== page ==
Just as two Members of Parliament were suggesting that provinces with CFL franchises join lawmakers in Ottawa and help provide the league with funding, Ontario’s sports minister made it clear there has been no contact from the league or the federal government, nor an appetite to engage.
“We are looking for federal leadership on this matter,” Lisa MacLeod, Ontario’s Minister of Heritage, Sport, Tourism and Culture Industries told Sportsnet on Thursday. “We have not been asked as provinces to step in and make that bailout.”
CFL Commissioner Randy Ambrosie testified before the House of Commons standing committee on finance last week, making his case for why the CFL is requesting up to $150 million in aid because of the COVID-19 crisis. Ambrosie’s pitch came about a month after the CFL began the process of lobbying for federal funding.
Said MacLeod: “We’re not focusing our attention on providing additional cash, outside of supporting the (2021) Grey Cup,” scheduled to be hosted in Hamilton next November.
Since getting the ball rolling with the federal government on April 2, there has been communication on the league’s behalf with at least five MPs, including two cabinet ministers. On May 5, it was with Pam Damoff, the Liberal MP for Oakville North–Burlington, and the following day with long-time CFL broadcaster Bob Bratina, the Liberal MP in Hamilton East–Stoney Creek.
Both Damoff and Bratina told Sportsnet last week that Ottawa should not be alone in considering funding for the CFL.
“It would be worthwhile to bring provinces on-board,” said Damoff, the morning after Ambrosie’s presentation to the House finance committee. “There’s a big economic spinoff for the provinces. One-third of the (league’s) teams are in Ontario, one-ninth in Quebec. Let’s get the provinces involved where (CFL) teams play.”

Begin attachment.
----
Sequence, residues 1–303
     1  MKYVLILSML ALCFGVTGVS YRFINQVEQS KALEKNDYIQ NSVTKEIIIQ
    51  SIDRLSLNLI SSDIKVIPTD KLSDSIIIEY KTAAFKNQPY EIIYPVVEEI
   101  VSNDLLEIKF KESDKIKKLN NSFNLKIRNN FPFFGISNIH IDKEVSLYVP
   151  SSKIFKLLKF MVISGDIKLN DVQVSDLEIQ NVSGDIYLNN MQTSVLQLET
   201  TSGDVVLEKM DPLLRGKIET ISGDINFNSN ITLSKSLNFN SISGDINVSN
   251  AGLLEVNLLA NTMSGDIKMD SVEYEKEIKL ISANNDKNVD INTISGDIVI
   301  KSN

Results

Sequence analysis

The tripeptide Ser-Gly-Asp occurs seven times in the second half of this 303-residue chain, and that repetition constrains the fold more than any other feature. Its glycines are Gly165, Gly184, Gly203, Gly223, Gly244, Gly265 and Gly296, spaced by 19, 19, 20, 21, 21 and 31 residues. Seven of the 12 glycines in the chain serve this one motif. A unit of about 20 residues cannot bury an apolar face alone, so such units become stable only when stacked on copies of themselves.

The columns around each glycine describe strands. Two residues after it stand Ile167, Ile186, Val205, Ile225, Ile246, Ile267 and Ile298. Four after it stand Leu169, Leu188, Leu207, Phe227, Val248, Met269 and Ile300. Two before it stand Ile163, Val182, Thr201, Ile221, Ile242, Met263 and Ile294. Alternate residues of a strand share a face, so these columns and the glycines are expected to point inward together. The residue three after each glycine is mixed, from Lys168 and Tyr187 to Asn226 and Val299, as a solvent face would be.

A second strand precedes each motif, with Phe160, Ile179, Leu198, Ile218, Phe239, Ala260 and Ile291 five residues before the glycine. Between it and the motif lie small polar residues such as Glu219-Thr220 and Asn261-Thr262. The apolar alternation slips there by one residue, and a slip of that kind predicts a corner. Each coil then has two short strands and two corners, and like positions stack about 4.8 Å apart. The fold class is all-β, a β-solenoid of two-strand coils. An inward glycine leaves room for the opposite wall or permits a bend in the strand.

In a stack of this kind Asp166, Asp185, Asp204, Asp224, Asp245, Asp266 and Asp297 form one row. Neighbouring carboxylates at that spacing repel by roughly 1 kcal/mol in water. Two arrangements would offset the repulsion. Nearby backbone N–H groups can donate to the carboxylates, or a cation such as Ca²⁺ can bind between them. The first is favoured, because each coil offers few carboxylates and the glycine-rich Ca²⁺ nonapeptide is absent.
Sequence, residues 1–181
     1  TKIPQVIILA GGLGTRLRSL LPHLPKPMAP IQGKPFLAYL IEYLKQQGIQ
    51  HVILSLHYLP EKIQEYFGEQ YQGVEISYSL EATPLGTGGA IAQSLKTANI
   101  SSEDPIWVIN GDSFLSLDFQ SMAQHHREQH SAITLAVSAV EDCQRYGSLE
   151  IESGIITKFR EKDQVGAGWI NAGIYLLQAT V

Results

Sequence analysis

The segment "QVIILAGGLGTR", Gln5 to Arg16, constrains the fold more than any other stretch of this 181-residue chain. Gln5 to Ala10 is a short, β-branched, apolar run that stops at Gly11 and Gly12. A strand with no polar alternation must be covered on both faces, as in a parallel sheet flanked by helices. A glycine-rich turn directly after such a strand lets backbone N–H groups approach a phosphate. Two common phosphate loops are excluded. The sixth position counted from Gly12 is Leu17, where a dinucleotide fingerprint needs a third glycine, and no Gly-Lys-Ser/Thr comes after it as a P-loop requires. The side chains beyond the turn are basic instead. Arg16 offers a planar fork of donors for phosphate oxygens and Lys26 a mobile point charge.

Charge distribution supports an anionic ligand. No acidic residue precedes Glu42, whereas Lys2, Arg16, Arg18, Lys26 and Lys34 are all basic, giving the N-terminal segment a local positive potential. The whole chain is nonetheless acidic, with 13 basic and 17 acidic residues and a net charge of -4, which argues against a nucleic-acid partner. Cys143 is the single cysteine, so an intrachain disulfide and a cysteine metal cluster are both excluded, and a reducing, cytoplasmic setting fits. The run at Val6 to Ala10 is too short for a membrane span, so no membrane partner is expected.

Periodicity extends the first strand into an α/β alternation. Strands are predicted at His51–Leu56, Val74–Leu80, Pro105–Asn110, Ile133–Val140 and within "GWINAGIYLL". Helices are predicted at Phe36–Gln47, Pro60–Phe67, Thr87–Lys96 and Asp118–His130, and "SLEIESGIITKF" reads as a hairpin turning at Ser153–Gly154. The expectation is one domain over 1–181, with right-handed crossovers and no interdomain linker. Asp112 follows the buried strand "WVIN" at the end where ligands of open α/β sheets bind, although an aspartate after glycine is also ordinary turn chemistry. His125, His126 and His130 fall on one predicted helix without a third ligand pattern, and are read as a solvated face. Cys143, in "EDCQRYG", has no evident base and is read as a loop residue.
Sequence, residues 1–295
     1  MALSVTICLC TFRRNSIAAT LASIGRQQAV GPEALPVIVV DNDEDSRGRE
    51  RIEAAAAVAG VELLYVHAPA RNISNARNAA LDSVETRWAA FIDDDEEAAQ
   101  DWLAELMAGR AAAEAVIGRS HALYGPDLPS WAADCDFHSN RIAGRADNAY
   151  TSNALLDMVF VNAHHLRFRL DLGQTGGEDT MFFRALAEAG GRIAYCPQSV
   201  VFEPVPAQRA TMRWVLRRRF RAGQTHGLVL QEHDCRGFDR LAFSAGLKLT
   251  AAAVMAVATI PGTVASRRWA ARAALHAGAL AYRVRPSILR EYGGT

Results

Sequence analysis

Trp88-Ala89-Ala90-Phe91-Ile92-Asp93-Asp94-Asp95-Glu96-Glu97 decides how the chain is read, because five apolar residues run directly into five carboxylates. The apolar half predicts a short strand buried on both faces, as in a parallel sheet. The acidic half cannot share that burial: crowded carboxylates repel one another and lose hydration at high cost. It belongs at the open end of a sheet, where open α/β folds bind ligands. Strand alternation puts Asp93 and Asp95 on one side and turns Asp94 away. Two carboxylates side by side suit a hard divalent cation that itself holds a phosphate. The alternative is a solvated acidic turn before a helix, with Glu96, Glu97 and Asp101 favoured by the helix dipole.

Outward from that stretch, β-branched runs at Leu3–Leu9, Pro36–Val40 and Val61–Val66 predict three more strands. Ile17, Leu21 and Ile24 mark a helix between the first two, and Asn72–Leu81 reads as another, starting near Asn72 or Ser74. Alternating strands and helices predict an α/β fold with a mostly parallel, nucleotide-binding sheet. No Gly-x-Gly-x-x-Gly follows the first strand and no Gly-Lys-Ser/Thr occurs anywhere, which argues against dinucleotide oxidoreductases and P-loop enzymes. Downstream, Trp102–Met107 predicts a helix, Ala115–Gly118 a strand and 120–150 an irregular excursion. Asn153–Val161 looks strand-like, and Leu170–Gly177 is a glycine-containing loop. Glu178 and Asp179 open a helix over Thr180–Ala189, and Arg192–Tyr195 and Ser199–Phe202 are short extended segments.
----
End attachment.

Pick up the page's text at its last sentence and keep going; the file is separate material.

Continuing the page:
“To leave it to the federal government to pay for everything is not fair,” said Bratina, a member of the Canadian Football Hall of Fame.
His proposal is to bring together MPs, cabinet ministers and each premier from the six provinces that have CFL franchises, “in case the (federal) government can’t find a program that fits the CFL.”
MacLeod wasn’t hearing it when presented with their idea.
“It would be myopic for the federal government to think a national commission should be funded by the Ontario government,” MacLeod said.
While Damoff believes “provinces should have some skin in the game” when it comes to the Canadian league, she did acknowledge “it’s harder than it sounds” to get them on-board.
Said MacLeod: “The concern for the CFL has been echoed by my provincial counterparts… There needs to be federal leadership on such an initiative.”
“I don’t want to give up on this thing,” said Bratina.
MacLeod said she has had conversations with Steven Guilbeault, the federal Minister of Canadian Heritage, about the CFL’s situation, but did not elaborate on what was discussed. There was communication twice on the CFL’s behalf – both on April 2 and April 17 – with both the Chief of Staff and Director of Policy at Canadian Heritage.
In his testimony last week before the House finance committee, Ambrosie was asked point blank if the league was looking for a bailout. He termed it a “loan” as part of a financial partnership that would be paid back in-kind with community programs, anti-bullying initiatives, in-stadium projects and other ideas.